4. Grading methodology
4.1 There are two grading methodologies which, realistically, might be utilized in the HE sector: HERA and Hay.
4.2 The HERA scheme has been developed by the sector for the sector with the capability of being applied to all staff groups, while further work by the Russell Group institutions ('Project Scholar') has adapted the scheme to suit the large research-intensive universities.3 The HERA methodology produces a points score for each role, which is built up from weighted scores for fourteen elements (Appendix 5). A role analyst trained in using the methodology scores each role and a panel of role analysts then verifies that initial score.
4.3 Considerable experience has now been gained in the use of HERA within the University. There is currently a database of over 400 evaluated roles covering all types of staff. Representatives from all trades unions have received awareness training, including an introduction to the operation of the scoring system. The scheme has also recently been used to corroborate the assessment of grades in the 1 January 2004 regrading and discretionary incre-ments exercise and will be used in the same way in the 1 January 2005 exercise.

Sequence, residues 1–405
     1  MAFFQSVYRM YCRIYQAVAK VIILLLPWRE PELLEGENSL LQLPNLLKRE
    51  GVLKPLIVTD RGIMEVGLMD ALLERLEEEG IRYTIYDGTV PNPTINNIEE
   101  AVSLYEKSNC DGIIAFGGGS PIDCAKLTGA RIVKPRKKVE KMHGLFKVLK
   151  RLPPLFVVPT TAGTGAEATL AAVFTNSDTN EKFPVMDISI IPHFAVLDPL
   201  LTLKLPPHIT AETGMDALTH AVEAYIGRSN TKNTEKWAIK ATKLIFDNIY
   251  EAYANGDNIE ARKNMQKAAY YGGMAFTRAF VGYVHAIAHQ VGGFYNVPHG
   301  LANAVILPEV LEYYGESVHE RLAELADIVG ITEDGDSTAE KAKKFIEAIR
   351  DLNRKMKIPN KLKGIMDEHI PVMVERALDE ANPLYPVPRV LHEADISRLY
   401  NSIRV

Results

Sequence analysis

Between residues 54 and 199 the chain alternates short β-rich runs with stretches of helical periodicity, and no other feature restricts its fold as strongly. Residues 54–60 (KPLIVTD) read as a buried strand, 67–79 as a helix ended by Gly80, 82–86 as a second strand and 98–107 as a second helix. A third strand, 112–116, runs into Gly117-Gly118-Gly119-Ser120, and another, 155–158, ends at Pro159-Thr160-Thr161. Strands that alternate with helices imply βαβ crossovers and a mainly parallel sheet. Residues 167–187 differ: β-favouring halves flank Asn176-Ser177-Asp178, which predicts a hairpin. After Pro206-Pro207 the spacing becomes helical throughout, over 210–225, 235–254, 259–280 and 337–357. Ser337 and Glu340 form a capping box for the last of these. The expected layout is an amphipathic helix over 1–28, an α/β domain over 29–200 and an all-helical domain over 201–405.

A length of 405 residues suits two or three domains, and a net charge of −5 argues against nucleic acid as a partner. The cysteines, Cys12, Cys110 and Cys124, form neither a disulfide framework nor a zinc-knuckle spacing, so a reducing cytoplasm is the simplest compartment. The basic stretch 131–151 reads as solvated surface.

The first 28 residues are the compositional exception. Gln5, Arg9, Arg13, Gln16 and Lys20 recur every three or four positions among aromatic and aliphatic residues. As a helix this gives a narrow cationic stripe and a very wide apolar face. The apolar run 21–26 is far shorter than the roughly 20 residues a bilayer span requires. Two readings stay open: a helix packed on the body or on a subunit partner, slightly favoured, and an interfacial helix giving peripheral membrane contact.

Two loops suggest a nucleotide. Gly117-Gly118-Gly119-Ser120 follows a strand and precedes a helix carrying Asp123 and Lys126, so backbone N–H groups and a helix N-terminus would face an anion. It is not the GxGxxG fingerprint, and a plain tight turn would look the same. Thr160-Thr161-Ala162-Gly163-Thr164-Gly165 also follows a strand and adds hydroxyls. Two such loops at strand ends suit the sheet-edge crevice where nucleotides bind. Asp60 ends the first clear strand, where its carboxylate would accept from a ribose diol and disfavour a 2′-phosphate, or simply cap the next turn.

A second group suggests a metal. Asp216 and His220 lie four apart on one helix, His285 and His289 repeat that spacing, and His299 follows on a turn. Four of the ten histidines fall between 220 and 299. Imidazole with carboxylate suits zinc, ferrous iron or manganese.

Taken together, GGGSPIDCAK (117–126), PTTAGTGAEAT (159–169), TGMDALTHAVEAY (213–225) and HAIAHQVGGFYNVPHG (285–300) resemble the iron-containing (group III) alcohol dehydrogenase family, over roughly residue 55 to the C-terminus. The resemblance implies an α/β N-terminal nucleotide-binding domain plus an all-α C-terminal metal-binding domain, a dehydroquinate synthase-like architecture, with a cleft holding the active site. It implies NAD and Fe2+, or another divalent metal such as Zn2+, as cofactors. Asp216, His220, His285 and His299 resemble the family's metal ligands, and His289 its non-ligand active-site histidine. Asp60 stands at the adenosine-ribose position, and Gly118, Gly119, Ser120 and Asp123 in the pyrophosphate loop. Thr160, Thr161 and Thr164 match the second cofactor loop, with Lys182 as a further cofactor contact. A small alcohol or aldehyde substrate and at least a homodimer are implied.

4.4 Hay-based schemes, which are used primarily in the private sector, have been adopted and are being operated in a similar fashion to HERA by a minority of institutions within the sector, including a few in the Russell Group. Some groundwork was done in Cambridge on the use of Hay, however, it was clear that considerable adaptation would be required to tailor it for use in the University, which would be time-consuming and expensive. Nationally and locally, the assistant staff trades unions have expressed opposition to the use of Hay methodology.